Apple and blueberry crumble recipe

(225 ratings)

This apple and blueberry crumble has been given a gluten-free makeover. For the topping use gluten-free brown bread and oats. Bake for 30 minutes - serve warm or cold.

(Image credit: TI Media Limited)
  • healthy
Preparation Time10 mins
Cooking Time30 mins
Total Time40 mins
Five A DayOne
Cost RangeCheap
Nutrition Per PortionRDA
Calories303 Kcal15%
Fat10 g14%
Saturated Fat5 g25%

This classic apple and blueberry crumble is utterly delicious and can be enjoyed on a gluten free diet.

It's the combination of soft tangy blueberries and sharp yet sweet apples that makes this crumble so special. And we've finished it with a nice crunchy crumble topping too. Using gluten-free brown bread and gluten-free oats - perfect for catering to guests and family members with intolerances. This recipe serves 6 people and will take 40 mins in total to make. A portion of this apple and blueberry crumble works out at only 303 calories per serving. Making it an even sweeter after dinner treat.


  • 2 cooking apples
  • 60g (2oz) golden caster sugar
  • 200g (7oz) blueberries
  • 2 tbsp crème de cassis or water

For the crumble topping:

  • 60g (2oz) gluten-free brown bread (we used Genius)
  • 60g (2oz) cornmeal or polenta
  • 60g (2oz) butter, cubed
  • 60g (2oz) gluten-free jumbo oats (such as Nairns)
  • 60g (2oz) golden caster sugar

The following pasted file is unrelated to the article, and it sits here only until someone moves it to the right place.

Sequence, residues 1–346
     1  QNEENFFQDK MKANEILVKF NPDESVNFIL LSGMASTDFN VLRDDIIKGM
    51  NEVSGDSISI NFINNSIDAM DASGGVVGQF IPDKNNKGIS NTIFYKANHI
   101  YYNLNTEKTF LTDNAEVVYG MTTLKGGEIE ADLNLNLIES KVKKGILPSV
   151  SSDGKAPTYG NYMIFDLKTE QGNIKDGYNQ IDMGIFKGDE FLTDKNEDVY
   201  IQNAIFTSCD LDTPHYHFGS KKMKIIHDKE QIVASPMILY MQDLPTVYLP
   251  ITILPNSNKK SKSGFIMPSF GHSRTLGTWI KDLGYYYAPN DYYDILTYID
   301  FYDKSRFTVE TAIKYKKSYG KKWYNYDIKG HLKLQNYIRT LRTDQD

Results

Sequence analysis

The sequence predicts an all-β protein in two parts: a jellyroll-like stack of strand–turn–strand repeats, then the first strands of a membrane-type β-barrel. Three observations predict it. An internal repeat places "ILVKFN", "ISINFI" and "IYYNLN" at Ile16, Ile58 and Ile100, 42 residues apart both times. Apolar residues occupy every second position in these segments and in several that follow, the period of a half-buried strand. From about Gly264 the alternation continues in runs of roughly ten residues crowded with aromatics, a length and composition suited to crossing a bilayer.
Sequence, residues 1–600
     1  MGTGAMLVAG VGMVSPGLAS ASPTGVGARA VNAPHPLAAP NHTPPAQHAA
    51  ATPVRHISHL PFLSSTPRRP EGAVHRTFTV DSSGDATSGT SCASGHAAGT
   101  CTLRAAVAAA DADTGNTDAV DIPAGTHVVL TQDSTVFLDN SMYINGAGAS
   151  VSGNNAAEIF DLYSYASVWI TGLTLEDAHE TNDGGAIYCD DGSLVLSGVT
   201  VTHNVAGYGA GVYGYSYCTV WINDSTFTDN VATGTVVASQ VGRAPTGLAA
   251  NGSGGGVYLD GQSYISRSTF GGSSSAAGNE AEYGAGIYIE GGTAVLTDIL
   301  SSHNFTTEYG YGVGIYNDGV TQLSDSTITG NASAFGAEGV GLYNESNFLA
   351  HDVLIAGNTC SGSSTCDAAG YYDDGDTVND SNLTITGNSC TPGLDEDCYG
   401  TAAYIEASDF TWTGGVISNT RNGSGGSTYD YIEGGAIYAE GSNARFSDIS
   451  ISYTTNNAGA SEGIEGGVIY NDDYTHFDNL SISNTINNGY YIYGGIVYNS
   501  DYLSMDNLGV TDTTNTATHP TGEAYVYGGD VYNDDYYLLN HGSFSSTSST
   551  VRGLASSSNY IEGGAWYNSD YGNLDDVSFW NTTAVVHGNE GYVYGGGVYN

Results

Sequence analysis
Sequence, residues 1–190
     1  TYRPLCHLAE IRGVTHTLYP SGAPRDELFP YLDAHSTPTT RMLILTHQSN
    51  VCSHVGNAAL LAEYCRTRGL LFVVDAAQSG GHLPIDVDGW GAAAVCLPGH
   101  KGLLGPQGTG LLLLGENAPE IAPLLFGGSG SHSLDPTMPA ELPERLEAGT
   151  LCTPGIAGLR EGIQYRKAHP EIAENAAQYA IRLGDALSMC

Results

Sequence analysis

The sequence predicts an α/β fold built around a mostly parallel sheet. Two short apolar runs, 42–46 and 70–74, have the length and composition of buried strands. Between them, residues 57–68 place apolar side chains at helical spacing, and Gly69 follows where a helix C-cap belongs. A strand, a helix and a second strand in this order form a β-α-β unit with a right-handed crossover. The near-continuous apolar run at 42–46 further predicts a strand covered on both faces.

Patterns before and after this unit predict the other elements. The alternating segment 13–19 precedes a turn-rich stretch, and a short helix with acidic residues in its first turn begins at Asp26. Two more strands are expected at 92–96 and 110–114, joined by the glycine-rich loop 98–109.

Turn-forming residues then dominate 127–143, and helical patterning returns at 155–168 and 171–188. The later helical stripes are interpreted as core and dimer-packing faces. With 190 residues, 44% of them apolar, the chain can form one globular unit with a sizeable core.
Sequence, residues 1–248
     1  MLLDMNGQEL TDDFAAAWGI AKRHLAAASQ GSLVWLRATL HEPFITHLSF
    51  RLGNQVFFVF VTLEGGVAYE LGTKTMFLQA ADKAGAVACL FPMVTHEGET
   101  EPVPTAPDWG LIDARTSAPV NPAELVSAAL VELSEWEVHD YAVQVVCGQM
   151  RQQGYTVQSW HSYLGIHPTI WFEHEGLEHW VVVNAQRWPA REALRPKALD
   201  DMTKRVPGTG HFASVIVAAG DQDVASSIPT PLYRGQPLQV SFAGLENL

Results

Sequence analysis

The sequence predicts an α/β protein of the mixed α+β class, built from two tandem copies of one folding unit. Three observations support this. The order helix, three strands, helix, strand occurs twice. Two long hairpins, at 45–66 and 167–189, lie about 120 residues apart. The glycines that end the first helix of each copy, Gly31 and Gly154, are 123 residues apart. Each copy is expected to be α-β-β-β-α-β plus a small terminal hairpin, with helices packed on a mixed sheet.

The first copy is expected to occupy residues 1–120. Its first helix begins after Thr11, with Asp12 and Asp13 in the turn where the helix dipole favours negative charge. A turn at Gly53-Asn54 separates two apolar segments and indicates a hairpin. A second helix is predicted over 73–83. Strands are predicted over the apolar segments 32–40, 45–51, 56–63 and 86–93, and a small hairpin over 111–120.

1. Set the oven to 190°C/Gas Mark 5.
  2. To make the crumble topping: Put the bread into a processor and whizz to make crumbs. Add the cornmeal, or polenta, and butter and whizz until just combined. Tip into a bowl, and stir in oats and sugar.
  3. Peel, core, quarter and slice the apples and put into the dish. Add the sugar, blueberries and crème de cassis, or water.
  4. Sprinkle the apple crumble topping over the fruit. Bake for 30 mins until golden. Serve warm or cold.

Top tips for making apple and blueberry crumble:

If you have coeliac disease, oats are best avoided as, although pure oats do not contain gluten, they may be contaminated with gluten during processing. If you’re not coeliac but still don’t tolerate gluten, eating oats should be perfectly fine.

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Jessica Dady
Food Editor

Jessica Dady is Food Editor at and has over 10 years of experience as a digital editor, specialising in all things food, recipes, and SEO. From the best food hampers to cookbooks, from the best cake stands to kitchen appliances, Jessica has a wealth of knowledge when it comes to must-have food products. A passionate baker, she spends some of her time creating celebration cakes for friends and family including her two lucky children.